And here, looking like a cow in this photo, am I! This is the women's side of the Mosque...note any differences here? This side holds about 2,000 women and they can see through some woodwork what is going on in the men's side. As we were entering, hundreds of completely covered, veiled women were leaving and I asked, "How do the men know which woman is his?" Men were shoving and looking but not calling out to their wives or sisters. Answer? The woman finds her man.
On the women's side, I had to wear a scarf. When we went to the men's side, I had to put on a complete black thop, which is not a pretty sight to see!!

And here is the President's Mosque which is causing quite a stir because the historical mosque in the old city is Old Yemen, the pride and joy of Sana'a. This new monstrosity took years to build, cost a ton of money and has only been open for a couple of years. The money spent, many have told me, could have been used for health, education, electrical power and more. Instead, there is a monument to the President.

Ladies' Day Out

The building of this Jewish "colony" was a priority in the 1920's and 1930's but with civil war raging, the Israeli's went home, in the late 40's, leaving this pile of construction to fall apart. While there are some Jewish people and some Christians here, this is primarily a Muslim country.

An travelling companions' names have significance. Arabs use names have meaning: Mahassin, means "good manners"; Nabiha means, "intelligent woman;" and Arwa was named after an early queen. I was told the fact that there was a queen meant that this was pre-Islam. Cannot happen today. Names are given in hope that the child will become that characteristic.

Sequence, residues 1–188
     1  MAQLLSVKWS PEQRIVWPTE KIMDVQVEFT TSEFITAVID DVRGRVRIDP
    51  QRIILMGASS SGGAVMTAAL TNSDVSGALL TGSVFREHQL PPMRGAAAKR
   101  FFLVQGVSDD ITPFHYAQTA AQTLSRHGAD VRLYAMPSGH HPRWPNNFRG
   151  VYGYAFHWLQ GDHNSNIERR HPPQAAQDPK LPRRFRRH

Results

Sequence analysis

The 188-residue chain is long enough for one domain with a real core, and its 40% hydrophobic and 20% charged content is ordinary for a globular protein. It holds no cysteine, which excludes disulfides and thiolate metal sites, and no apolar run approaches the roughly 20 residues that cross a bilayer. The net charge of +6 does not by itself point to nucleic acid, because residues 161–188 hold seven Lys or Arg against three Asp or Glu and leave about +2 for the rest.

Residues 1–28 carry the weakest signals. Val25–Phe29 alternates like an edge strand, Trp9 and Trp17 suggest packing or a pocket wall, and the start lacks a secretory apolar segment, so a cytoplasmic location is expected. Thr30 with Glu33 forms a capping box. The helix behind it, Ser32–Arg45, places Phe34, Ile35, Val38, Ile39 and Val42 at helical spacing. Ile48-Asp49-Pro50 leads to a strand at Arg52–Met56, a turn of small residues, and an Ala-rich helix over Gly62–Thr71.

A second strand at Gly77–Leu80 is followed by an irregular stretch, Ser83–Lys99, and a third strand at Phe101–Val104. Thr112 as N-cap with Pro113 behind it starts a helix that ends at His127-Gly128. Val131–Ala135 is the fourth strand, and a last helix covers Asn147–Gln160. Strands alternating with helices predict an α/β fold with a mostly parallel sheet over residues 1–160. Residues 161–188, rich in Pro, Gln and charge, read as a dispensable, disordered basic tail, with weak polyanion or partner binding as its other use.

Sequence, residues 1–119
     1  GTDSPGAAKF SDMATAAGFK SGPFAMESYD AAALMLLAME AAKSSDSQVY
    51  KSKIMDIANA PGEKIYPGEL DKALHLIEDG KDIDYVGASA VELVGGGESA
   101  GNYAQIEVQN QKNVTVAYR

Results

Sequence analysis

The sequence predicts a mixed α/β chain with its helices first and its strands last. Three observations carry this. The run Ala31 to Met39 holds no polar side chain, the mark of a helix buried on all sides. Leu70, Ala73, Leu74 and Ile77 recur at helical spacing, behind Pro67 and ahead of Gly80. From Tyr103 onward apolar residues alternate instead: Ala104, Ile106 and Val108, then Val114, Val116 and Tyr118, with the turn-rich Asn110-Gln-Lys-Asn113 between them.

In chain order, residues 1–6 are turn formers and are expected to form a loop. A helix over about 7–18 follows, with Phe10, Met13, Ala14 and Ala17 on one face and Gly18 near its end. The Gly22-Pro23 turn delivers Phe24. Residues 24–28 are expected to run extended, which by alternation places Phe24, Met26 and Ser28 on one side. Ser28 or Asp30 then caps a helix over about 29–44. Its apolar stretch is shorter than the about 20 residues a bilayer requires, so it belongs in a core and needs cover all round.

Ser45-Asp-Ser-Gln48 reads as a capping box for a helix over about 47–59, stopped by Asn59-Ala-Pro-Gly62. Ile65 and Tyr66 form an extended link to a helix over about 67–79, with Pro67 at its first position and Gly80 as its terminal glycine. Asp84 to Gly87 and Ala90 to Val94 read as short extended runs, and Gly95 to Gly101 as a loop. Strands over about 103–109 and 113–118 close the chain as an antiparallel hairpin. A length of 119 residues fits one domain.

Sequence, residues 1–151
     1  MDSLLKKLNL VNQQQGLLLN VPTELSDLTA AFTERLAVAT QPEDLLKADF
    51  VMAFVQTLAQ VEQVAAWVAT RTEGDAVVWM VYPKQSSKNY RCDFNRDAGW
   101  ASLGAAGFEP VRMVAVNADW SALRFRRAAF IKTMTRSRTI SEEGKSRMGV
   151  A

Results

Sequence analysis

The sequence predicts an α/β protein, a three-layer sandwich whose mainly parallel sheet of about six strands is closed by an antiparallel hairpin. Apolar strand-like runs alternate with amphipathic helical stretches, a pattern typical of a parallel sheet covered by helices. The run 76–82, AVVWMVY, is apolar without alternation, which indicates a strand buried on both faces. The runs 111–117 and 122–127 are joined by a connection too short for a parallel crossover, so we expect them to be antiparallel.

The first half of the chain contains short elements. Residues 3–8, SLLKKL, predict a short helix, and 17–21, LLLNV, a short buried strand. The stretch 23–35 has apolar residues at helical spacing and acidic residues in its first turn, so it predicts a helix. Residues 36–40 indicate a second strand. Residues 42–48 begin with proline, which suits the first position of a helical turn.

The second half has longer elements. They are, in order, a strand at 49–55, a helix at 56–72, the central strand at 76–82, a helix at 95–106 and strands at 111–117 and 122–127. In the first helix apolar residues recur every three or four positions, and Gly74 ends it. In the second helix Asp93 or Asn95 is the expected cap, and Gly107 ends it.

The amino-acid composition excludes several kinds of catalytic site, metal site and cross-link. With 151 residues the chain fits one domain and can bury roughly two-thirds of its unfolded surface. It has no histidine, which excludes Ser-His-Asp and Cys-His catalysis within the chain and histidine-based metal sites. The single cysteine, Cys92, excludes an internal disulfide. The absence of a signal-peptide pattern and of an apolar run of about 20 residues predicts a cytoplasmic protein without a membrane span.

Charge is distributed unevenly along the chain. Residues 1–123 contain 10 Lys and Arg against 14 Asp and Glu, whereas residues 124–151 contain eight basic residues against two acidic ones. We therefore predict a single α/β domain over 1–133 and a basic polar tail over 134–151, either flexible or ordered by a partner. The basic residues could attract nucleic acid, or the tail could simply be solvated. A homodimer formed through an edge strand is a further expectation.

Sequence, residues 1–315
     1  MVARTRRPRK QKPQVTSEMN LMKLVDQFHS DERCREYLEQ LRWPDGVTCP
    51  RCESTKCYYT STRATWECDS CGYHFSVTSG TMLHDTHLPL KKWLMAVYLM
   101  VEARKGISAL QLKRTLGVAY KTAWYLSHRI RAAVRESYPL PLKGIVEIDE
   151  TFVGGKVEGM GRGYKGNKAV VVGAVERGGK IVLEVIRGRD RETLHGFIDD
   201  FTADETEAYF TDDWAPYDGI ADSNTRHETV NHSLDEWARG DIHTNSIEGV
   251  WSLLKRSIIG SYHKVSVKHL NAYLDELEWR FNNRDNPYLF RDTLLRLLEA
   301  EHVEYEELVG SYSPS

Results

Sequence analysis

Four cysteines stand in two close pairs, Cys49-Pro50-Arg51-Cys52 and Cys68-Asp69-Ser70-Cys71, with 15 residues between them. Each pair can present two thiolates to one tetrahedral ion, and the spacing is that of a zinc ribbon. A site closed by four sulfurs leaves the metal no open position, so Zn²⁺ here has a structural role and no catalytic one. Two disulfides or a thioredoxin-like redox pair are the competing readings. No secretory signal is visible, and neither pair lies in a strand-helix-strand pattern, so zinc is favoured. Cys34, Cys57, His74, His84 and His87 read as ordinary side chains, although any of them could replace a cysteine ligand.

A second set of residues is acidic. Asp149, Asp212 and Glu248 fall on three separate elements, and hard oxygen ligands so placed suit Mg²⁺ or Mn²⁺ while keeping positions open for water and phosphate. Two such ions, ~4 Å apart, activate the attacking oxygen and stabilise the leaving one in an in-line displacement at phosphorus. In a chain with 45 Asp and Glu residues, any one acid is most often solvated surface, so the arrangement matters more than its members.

Bait Baws, which humorously translates into "Kissing House," is an old Jewish settlement outside of Sana'a and was the first of many stops we made yesterday. This is the entrance to what is now a ruin site but which the government is planning to restore. The Jews all left in the late 1940's and it is all falling apart. About 20 families, all Yemeni, now live on the grounds but there are no amenities. And interestingly, "beso" in Spanish means, "kiss;" and "bosa" is kiss in Arabic and "baws" means kiss in Hebrew...or so I was told. Similarities in language.

Another photo of Beit Baws...this place is built atop huge rock outcroppings and some of the buildings are three stories high.